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other sovereign princes who have been, and still are, desirous of being admitted into the most noble order, are a clear evidence of its great repute throughout all Europe.* Rapin, vol. i., p. 428.


This memorable victory was obtained on the 19th September, 1356, without the loss of one person of distinction among the English; whereas the principal noblemen of France fell in the contest. Two dukes, nineteen counts, five thousand men-at-arms, and about eight thousand infantry, are said to have been killed on the side of the French. Two thousand men-at-arms were taken prisoners, among whom, besides John, King of France, were three princes of the blood, the Archbishop of Sens, the Counts of Estampes, Vandemont, and many other noblemen.† Spencer, p. 118. The Prince of Wales took the field with an army which no historian makes amount to above 12,000 men. The French King's army amounted to above 60,000 men. Hume, vol. i., p. 454.


The English and Germans poured so fast upon the king's division, that they broke through the ranks by force; and the French were so intermixed with their enemies, that at times there were five men attacking one gentleman. The Lord of Pompadour and the Lord Bartholomew de Barnes were there captured; the Lord de Chargny was slain, with the banner of France in his hands, by the Lord Reginald de Cobham; and afterwards the Earl of Dammartin shared the same fate. There was much pressing at this

as prelate, chancellor, register, king-at-arms, and usher of the black rod, are attached to the order. With the exception of the prelate they all receive fees and pensions. Chronicle of the Kings, p. 56.

*Camden reckons in his time twenty-two kings, besides the kings of Eng land, and as many foreign dukes and princes; he has, likewise, given us a list of the first six-and-twenty knights, who are called the founders of the order, and adds-" The Countess of Salisbury, who, it seems, gave occasion for founding the order, was the wonder of her time for shape and beauty." For several hundred years after the institution of the order the ladies of the knights continued to attend the chapters in their robes, and many portraits and statues still exist of these noble "lady companions" wearing the garter, with the motto, on their left arms.

When they were all collected they found they had twice as many prisoners as themselves, they therefore consulted if, considering the risk they might run, it would not be more advisable to ransom them on the spot. This was done; and the prisoners found the English and Gascons very civil, for there were many set at liberty that day, on their promise of coming to Bordeaux before Christmas to pay their ransom. When all were returned to their banners they retired to their camp, which was adjoining to the field of battle. Some disarmed themselves, and did the same to their prisoners, to whom they showed every kindness; for whoever made any prisoners they were solely at his disposal to ransom or not, as he pleased. It may be easily supposed that all those who accompanied the prince were very rich in glory and wealth, as well by the ransoms of his prisoners as by the quantities of gold and silver plate, rich jewels, and trunks stuffed full of belts, that were weighty from their gold and silver ornaments, and furred mantles. They set no value on armour, tents, or other things, for the French had come there as magnificently and richly dressed as if they had been sure of gaining the victory. Froissart, vol. i., p. 225.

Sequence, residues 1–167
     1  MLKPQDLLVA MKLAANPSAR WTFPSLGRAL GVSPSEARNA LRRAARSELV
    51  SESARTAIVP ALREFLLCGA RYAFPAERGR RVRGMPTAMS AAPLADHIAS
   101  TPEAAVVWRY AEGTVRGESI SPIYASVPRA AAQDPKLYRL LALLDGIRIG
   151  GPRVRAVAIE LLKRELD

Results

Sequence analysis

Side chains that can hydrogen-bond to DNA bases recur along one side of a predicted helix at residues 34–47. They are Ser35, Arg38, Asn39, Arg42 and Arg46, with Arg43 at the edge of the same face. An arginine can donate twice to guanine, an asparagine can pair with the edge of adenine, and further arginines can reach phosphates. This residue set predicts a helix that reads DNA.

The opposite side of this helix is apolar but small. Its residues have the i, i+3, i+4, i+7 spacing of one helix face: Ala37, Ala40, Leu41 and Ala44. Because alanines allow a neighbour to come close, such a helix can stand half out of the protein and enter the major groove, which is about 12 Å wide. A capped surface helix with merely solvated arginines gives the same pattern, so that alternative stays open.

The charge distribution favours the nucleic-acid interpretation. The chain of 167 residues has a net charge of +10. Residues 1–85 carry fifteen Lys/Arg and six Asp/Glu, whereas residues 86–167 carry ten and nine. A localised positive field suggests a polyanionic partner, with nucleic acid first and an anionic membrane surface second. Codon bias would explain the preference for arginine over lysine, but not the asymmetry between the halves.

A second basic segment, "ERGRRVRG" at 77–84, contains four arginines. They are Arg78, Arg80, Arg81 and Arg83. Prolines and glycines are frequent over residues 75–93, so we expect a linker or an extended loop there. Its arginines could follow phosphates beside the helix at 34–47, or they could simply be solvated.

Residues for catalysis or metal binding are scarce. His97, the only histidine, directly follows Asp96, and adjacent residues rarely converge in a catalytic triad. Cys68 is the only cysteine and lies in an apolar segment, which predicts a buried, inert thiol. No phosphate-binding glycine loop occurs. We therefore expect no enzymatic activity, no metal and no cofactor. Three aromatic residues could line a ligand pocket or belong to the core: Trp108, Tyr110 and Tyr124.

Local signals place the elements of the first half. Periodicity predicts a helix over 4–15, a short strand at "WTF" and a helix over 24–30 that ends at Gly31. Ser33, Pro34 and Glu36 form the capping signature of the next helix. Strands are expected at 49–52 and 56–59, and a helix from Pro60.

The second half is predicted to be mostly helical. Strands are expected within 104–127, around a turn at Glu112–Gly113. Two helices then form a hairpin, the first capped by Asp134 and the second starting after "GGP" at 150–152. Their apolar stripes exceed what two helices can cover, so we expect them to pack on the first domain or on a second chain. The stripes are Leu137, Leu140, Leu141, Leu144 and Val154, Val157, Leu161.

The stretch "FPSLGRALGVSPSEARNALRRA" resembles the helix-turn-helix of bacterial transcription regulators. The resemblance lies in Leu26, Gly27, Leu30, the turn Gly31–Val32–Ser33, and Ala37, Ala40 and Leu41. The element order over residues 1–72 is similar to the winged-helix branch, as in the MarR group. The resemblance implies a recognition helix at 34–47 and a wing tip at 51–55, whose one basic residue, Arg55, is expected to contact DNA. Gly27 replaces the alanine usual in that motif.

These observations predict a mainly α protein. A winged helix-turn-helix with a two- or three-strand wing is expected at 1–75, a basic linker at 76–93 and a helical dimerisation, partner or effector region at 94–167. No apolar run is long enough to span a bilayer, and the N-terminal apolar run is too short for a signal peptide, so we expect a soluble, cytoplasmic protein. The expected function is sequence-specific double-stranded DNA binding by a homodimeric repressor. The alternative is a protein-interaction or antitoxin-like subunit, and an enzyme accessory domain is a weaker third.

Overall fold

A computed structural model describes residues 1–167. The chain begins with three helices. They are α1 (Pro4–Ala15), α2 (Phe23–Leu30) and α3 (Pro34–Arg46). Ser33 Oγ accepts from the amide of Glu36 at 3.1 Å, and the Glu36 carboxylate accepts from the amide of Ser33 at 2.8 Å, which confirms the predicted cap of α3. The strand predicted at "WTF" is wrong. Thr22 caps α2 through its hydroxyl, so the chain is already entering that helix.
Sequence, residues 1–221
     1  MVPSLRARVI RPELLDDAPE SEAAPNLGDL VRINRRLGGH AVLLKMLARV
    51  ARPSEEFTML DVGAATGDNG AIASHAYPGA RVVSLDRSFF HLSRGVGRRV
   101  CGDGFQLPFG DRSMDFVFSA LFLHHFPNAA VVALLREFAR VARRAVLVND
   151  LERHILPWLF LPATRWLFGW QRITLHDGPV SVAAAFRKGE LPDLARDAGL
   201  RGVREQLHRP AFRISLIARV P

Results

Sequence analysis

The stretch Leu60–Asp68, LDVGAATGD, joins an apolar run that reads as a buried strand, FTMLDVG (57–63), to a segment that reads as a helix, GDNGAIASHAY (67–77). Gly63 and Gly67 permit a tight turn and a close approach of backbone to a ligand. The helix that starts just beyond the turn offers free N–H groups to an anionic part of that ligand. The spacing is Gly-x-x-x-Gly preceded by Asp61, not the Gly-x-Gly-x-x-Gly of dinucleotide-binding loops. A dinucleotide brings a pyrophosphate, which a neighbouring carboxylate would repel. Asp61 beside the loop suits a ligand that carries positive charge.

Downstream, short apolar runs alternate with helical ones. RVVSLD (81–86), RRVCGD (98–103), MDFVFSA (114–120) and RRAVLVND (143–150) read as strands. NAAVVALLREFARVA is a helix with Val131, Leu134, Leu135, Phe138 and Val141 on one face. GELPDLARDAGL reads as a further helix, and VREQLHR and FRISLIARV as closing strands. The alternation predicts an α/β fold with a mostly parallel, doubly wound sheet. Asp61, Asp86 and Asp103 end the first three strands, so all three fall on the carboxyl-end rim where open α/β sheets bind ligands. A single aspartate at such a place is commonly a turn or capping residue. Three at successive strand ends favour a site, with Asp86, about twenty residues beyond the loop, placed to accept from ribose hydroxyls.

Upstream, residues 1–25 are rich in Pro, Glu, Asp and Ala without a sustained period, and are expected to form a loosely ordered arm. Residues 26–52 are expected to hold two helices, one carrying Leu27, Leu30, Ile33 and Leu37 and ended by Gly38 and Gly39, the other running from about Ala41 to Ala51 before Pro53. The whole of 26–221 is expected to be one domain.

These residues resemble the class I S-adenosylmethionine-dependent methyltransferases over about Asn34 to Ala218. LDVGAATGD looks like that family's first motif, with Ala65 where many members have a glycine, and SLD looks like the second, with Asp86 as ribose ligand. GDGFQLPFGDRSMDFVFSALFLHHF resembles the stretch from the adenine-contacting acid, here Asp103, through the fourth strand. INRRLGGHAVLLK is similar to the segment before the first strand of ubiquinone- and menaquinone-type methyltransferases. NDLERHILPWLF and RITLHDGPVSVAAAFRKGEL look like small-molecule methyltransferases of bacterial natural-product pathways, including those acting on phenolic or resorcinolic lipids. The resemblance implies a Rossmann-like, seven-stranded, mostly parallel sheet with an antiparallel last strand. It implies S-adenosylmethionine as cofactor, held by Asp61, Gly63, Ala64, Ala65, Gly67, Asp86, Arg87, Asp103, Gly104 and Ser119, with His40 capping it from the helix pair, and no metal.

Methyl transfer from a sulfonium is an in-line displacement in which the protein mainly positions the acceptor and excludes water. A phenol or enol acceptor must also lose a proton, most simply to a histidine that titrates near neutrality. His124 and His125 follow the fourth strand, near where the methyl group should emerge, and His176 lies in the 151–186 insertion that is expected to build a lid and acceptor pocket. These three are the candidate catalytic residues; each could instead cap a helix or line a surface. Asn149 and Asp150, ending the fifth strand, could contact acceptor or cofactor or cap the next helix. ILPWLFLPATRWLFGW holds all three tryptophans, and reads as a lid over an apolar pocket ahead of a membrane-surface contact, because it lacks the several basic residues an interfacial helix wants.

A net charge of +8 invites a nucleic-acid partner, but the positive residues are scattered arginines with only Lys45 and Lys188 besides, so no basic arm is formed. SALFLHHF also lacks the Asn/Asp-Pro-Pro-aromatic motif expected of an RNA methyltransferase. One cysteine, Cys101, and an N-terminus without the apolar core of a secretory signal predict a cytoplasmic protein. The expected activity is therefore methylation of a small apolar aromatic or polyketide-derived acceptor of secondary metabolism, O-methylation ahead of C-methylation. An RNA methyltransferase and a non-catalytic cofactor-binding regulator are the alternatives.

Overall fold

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time, through eagerness to take the king; and those who were nearest to him, and knew him, cried out, "Surrender yourself, surrender yourself, or you are a dead man.' In that part of the field was a young knight from St. Omer, who was engaged by a salary in the service of the King of England-his name was Denys de Morbeque-who for five years had attached himself to the English, on account of having been banished in his younger days from France, for a murder committed in an affray at St. Omer. It fortunately happened for this knight that he was at the time near the King of France, when he was so pulled about; he by dint of force, for he was very strong and robust, pushed through the crowd, and said to the king, in good French," Sire, sire, surrender yourself." The king, who found himself very disagreeably situated, turning to him, asked, "To whom shall I surrender myself to whom? Where is my cousin the Prince of Wales? if I could see him I would speak to him." "Sire," replied Sir Denys, "he is not here; but surrender yourself to me, and I will lead you to him." "Who are you?" said the king. "Sire, I am Denys de Morbeque, a knight from Artois, but I serve the King of England because I cannot belong to France, having forfeited all I possessed there." The king then gave him his right hand glove, and said, "I surrender myself to you." There was much crowding and pushing about, for every one was eager to cry out, "I have taken him.' Neither the king nor his youngest son Philip were able to get forward and free themselves from the throng. The Prince of Wales, who was as courageous as a lion, and took delight that day to combat his enemies, was talking with Sir John Chandos, and others of his knights, in another part of the field, and finding from his marshal that no tidings had been heard of the King of France, sent the Lords Warwick and Cobham to gain some certain intelligence of him. The two barons immediately mounting their horses, left the prince, and made for a small hillock, that they might look about them; and from their stand they perceived a crowd of men-at-arms on foot, who were advancing very slowly. The King of France was in the midst of them, in great danger, for the English and Gascons had taken him from Sir Denys de Morbeque, and were disputing who should have him, the stoutest bawling out, "It is I that have got him." "No, no," replied the others, we have him." The king, to escape from the peril, said, "Gentlemen, gentlemen, I pray you conduct me and my son in a courteous manner to my cousin the prince, and do not make such a riot about my capture, for I am so great a lord that I can make all sufficiently rich." These words, and others which fell from the king, appeased them a little; but the disputes were always beginning again, and they did not move a step without rioting. When the two barons saw this troop of people they descended from the hillock, and sticking spurs into their horses, made up to them. On their arrival they asked what was the matter; they were answered that it was the King of France, who had been made prisoner, and that upwards